The cups themselves also help. These are large, swivelling (so yes, this sits around the neck nicely) round offerings with which Audeze have seen fit to throw in a ton of oval cushioning. It allows the ears to be completely sealed away from the outside world, ensuring every last piece of audio is piled towards your lugholes, and nowhere else.
And again, Audeze are showing their quality in that sound. Fully Dolby Atmos’d up, the huge 90mm drivers inside both cups work planar magnetic ways, complete with Fluxor N50 Neodymium magnets. We won’t even try and pretend we know what that all means, but hell, we absolutely adore the sounds they bring. And, boy, does it get loud. In terms of sheer top-end volume, those 90mm drivers pound out the audio like there is no tomorrow, with never a hint of distortion or lack of clarity, no matter how high you go.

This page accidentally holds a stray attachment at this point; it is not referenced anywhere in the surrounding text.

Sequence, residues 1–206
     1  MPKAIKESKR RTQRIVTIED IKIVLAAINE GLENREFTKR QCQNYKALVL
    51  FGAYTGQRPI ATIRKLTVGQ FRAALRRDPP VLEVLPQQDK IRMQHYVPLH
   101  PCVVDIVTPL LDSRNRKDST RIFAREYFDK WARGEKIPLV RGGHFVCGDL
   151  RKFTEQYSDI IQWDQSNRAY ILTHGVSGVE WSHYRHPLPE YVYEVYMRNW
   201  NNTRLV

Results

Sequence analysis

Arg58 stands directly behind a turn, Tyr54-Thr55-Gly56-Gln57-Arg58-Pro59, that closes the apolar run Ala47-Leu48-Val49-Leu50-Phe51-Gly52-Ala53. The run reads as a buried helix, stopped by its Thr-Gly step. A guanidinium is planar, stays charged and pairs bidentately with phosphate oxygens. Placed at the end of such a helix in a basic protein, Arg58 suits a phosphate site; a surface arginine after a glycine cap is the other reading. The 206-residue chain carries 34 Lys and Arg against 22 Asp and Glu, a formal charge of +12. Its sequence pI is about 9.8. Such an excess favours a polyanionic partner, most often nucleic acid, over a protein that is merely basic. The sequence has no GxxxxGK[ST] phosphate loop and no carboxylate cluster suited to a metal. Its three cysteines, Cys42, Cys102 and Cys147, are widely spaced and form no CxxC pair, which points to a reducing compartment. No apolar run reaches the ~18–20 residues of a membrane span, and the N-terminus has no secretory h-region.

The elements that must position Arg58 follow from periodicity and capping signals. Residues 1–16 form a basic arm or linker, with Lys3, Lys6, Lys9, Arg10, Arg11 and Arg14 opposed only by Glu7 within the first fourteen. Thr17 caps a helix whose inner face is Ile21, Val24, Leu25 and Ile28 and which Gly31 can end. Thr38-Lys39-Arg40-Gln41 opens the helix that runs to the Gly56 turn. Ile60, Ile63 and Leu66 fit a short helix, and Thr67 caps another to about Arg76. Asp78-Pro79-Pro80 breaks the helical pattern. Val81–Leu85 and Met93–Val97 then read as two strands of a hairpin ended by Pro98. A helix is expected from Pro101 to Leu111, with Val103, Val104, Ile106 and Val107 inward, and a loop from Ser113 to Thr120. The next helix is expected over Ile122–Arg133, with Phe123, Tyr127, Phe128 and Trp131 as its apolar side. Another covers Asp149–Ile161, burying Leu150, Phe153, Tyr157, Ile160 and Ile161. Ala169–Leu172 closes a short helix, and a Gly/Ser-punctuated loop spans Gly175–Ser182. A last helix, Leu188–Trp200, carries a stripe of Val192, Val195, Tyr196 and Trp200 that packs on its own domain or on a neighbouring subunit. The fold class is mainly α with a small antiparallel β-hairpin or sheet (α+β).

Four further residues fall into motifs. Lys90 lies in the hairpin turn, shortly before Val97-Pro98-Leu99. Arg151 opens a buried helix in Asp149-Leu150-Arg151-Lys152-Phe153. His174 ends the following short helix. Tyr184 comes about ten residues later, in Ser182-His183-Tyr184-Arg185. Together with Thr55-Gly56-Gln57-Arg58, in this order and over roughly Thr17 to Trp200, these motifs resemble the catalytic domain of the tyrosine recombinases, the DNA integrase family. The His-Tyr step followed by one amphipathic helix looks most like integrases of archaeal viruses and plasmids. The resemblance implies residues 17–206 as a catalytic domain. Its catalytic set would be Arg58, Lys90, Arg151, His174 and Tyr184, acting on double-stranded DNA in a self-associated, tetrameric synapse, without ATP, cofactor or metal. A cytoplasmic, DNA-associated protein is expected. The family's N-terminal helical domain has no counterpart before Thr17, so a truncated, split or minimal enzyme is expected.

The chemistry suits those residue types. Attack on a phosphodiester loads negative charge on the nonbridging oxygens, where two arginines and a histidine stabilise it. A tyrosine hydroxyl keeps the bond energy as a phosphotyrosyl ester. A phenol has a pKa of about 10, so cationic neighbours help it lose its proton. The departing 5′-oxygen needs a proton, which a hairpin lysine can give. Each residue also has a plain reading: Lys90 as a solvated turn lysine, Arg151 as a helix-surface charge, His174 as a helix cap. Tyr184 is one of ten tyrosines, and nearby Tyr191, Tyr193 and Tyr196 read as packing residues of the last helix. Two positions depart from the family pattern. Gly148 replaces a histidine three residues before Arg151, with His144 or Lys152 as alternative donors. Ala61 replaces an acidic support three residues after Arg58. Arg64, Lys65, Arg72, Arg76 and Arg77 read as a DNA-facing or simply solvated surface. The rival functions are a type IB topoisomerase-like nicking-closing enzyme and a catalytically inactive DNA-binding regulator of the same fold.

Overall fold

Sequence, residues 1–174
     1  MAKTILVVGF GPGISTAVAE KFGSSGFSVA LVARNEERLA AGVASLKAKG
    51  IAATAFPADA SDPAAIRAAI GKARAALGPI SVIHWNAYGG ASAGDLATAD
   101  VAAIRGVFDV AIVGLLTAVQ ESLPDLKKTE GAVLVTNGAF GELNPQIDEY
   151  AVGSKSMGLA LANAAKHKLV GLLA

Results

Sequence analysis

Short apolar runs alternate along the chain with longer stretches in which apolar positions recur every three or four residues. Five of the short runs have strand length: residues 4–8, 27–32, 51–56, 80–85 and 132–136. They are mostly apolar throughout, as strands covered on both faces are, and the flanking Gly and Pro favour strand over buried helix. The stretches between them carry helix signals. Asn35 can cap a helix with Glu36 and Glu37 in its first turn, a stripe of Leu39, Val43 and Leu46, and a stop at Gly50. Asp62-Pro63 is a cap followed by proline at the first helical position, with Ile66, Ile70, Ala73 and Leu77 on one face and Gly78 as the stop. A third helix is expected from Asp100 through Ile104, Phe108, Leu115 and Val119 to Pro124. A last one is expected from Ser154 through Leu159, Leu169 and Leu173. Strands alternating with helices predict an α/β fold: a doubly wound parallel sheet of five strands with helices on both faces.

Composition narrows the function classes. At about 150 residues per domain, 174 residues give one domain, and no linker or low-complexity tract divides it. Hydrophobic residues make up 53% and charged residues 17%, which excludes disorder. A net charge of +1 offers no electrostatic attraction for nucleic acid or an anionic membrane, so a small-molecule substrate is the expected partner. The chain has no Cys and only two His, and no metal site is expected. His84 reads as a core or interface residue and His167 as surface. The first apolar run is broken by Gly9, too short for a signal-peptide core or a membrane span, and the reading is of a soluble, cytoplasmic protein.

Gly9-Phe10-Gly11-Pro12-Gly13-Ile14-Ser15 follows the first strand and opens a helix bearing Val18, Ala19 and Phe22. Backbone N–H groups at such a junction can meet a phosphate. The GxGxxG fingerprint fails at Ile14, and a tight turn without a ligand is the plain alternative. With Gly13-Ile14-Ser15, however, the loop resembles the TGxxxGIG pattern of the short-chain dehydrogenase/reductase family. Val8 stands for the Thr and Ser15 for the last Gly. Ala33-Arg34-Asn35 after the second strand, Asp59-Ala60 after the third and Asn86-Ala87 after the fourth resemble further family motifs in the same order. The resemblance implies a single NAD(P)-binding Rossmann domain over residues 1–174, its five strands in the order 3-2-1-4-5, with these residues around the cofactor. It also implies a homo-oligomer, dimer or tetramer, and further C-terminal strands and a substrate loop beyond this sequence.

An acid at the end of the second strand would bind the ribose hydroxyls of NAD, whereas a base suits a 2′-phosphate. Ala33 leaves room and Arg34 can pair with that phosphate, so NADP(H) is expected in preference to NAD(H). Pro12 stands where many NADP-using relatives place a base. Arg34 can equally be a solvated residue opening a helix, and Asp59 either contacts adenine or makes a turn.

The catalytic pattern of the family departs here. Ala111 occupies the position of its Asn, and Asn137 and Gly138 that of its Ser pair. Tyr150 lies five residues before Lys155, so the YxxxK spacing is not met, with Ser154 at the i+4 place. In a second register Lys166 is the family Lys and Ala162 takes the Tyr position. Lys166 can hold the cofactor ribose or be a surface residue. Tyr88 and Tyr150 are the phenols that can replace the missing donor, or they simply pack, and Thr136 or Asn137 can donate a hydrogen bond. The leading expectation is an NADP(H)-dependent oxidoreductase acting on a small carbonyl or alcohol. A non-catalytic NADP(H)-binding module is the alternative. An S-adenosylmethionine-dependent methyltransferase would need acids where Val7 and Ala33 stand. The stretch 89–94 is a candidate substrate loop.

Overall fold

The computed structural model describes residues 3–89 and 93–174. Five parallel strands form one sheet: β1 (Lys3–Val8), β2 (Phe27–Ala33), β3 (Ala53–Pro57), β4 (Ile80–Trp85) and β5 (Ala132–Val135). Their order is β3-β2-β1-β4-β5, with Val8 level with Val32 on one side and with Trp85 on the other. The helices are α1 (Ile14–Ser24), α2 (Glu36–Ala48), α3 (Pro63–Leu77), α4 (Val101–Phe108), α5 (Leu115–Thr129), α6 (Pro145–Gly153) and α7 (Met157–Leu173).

In gaming terms, we’ve found the Audeze Maxwell Ultraviolet to deliver gaming audio that is – frankly – from another planet. Take the recent release of Forza Motorsport for instance. Turn10 have done a sterling job in ensuring that engine roars, exhaust notes and tyre squeals are about as realistic as you can get. But listen to it with the Maxwell’s in tow? There’s nothing quite like it. Much of that will be down to the Dolby Atmos kicking into gear, but the hardware more than helps amplify things.